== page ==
This is an essay I have written for a Coursera Course at the University of Copenhagen on Global Health
The MDGs currently are:
• Eradicating extreme poverty and hunger
• Achieving universal primary education
• Reducing child mortality rates
• Improving maternal health
• Ensuring environmental sustainability
• Developing a global partnership for development[i]
The above may appear to be quite separate matters to be tackled as a complex and difficult checklist. But they are able to be tackled together, and this is a very effective, whole system, high quality and financially competent way to manage these matters.
The Alma-Ata Conference agreed: health, … is a state of complete physical, mental and social wellbeing, and not merely the absence of disease or infirmity.[ii]
Dr Carl Taylor wrote: “Simply put, community oriented primary care is the merger of front line clinical medicine with public health.”[iii]
The first sub-goal
Is to create a good enough understanding of the issues faced by individual communities, neighbourhoods, sub regions and regions.
I propose that our nation commits to the following plan, that all communities, villages, towns and cities have assessed and discussed their position in relation to the MDGs; their issues, strengths, weaknesses, opportunities, threats, resources and barriers; and have agreed action plans with appropriate local regional national and international stakeholders.
They understand where they are from, where they are now, and where they wish to be. [iv] All local communities would be collecting relevant data about themselves – Where there is no Doctor has a relevant example of what is needed.[v] Participatory Rural Appraisal and similar initiatives are further examples of how communities may collect information about themselves and then decide together what action to take when.[vi]
The second sub goal
Is for the communities to be beginning to implement their agreed objectives. Depending on what type of community it is, this would include training, managing and resourcing community health workers[vii], managing water quality for example through Community Led Total Sanitation[viii], (this will have immediate effects on issues like Polio[ix]) and enabling high quality sustainable agriculture through methods like permaculture[x]. Organisations like BRAC are highly skilled in these matters.[xi]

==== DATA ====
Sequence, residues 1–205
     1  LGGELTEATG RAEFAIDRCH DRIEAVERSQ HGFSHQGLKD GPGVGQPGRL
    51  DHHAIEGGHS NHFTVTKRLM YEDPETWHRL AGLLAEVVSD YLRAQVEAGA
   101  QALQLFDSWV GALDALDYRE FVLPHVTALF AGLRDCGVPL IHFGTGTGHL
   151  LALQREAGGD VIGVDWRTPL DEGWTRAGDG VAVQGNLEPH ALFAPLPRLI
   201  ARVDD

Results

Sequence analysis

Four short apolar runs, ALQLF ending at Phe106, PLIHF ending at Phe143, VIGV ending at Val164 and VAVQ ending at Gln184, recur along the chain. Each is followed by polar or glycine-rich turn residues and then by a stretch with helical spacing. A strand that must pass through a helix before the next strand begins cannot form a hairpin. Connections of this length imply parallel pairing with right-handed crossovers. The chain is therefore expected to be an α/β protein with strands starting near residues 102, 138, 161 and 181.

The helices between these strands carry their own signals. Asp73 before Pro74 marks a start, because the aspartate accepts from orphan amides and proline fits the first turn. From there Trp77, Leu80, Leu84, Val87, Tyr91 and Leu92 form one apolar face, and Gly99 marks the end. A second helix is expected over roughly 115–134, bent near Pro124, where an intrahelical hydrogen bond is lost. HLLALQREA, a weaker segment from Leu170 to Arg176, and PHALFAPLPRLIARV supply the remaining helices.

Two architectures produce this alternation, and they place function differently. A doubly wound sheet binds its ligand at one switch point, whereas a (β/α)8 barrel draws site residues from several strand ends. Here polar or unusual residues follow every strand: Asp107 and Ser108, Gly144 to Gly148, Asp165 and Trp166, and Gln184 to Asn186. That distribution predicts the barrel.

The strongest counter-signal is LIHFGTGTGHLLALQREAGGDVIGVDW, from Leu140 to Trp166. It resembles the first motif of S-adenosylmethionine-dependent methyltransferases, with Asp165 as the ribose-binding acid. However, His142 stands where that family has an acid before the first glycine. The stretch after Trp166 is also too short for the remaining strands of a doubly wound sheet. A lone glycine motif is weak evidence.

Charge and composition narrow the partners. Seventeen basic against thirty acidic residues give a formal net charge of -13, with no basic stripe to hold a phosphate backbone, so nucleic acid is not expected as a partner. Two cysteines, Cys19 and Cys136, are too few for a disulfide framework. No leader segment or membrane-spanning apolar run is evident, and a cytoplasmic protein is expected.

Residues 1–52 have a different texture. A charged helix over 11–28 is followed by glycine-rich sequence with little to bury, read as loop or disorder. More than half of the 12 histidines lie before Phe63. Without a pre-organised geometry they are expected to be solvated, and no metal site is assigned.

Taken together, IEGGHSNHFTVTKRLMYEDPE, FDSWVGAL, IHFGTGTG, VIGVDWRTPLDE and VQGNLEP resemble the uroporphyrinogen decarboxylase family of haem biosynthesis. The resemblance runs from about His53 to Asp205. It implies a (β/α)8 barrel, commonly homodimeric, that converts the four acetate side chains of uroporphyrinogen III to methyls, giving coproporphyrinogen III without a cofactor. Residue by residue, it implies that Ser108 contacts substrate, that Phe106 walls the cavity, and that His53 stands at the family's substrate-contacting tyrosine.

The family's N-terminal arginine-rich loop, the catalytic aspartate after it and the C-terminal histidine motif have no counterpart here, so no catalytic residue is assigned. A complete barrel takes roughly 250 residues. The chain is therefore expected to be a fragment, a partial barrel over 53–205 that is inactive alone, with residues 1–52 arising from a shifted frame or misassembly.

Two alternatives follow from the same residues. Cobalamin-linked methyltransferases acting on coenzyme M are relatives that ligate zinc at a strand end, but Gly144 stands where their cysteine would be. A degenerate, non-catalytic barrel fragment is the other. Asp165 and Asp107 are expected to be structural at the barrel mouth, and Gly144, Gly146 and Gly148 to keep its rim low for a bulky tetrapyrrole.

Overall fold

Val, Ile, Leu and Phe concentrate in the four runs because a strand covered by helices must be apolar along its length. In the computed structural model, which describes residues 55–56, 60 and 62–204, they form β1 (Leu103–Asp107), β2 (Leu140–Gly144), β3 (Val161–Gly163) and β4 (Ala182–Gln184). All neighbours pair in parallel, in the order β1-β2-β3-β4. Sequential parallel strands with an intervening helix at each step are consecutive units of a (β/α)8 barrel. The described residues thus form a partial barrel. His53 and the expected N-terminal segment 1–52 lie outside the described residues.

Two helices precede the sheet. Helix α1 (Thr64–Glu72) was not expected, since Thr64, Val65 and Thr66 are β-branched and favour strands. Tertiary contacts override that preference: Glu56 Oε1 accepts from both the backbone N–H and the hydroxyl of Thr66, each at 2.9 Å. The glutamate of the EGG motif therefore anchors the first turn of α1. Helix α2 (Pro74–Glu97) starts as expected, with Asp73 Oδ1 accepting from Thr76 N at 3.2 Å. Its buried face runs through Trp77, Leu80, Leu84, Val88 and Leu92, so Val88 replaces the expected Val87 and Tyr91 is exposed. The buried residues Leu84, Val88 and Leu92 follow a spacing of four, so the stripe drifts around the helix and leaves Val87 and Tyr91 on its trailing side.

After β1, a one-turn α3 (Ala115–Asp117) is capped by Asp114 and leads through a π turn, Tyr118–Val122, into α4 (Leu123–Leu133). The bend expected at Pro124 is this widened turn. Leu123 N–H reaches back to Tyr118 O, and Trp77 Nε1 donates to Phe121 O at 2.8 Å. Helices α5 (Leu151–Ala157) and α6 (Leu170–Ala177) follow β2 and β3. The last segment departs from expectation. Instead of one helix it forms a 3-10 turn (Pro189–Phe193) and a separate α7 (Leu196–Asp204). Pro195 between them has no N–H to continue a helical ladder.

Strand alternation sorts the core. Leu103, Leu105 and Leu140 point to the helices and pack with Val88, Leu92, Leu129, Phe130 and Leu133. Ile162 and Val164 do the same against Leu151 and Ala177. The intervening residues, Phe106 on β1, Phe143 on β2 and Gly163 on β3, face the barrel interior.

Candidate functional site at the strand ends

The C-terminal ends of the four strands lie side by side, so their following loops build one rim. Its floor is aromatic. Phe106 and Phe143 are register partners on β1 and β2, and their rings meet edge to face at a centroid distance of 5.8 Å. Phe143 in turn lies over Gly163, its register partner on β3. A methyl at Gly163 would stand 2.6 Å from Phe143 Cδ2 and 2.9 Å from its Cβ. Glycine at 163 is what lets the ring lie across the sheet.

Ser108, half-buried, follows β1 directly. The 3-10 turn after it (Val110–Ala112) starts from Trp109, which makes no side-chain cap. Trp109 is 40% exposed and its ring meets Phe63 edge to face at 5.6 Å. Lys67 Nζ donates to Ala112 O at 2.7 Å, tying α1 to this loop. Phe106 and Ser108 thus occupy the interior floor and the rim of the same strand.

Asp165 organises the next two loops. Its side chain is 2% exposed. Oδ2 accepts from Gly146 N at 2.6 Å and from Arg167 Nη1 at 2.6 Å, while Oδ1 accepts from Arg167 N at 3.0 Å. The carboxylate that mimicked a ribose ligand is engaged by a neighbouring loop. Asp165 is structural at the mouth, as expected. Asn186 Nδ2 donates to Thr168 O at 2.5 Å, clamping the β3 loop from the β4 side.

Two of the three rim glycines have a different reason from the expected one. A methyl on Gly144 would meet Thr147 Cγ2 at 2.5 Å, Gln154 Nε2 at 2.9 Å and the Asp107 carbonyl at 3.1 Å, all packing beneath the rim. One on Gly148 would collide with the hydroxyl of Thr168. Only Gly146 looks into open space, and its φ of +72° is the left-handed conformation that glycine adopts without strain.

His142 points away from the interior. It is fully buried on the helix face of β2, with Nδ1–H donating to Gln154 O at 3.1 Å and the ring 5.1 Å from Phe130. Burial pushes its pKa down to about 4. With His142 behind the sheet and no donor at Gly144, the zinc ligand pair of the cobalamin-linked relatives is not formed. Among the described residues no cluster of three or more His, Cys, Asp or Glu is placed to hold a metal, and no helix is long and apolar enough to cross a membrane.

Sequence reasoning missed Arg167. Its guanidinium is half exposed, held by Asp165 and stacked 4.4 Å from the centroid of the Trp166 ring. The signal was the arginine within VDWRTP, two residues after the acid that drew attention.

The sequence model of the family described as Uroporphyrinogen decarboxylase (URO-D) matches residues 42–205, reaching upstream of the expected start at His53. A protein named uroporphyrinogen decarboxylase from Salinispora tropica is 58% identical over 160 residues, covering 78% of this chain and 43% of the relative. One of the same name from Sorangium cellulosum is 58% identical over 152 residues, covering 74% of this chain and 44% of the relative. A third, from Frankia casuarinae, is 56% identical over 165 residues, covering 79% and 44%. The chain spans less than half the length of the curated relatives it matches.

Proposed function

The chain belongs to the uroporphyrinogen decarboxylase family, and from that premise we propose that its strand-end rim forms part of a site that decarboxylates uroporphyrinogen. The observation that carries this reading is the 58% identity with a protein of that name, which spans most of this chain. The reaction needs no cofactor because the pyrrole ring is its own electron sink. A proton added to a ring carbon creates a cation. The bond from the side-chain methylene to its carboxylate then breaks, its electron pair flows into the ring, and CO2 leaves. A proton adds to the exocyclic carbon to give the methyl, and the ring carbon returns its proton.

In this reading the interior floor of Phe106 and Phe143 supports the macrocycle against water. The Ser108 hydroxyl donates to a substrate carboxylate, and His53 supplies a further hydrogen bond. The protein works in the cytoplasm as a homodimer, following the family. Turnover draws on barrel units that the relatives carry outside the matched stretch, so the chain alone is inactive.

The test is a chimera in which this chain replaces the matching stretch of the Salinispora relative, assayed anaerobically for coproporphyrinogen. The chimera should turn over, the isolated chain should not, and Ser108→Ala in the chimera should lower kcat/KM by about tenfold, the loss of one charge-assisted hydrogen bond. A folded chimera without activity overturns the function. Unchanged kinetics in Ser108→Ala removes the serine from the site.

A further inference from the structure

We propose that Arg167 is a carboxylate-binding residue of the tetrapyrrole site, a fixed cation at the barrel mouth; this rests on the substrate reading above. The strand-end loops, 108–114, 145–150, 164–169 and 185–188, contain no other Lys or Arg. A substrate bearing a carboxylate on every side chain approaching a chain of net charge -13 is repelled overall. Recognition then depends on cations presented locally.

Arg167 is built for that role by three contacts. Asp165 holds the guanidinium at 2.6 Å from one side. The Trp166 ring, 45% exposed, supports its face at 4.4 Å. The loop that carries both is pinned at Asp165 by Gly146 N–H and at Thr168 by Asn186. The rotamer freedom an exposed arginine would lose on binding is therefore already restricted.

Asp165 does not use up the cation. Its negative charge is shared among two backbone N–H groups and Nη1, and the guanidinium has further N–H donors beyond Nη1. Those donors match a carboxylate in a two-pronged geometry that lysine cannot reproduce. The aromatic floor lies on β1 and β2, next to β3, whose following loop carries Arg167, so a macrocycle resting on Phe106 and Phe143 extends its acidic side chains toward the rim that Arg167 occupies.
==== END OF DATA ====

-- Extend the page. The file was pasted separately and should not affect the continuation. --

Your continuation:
The third sub goal
Is to improve the quality of governance. Future Generations notes:
“Communities need help from officials, who can adjust policies and regulations to facilitate cooperation among factions and channel external resources. Communities also need help from experts who can build capacity by training, introduce new ideas, and help monitor change.”
“When officials and experts show some humility, community enthusiasm becomes contagious. A feedback loop creates new expectations and standards for everyone. As one change supports another, social pressure builds, and those who do not cooperate are generally bypassed or overrun by the community’s momentum. This momentum will eventually redefine the entire community’s collective future.” xiv
Experience has shown these methods to be highly popular, effective and economic. They have a long tradition, for example with Bruntland.[xii] There has recently been significant focus on austerity and related matters, but these matters of the health of the public are the bedrock of everything else.[xiii]
We are able to enable continuing improvements in the health and well being of all our people by all parties working together to resolve these issues co-operatively. This is a staged process, building on already existing best practice and replicating this geographically with neighbouring communities. The main difference when and where there is a complex emergency these processes need to be implemented faster.Xv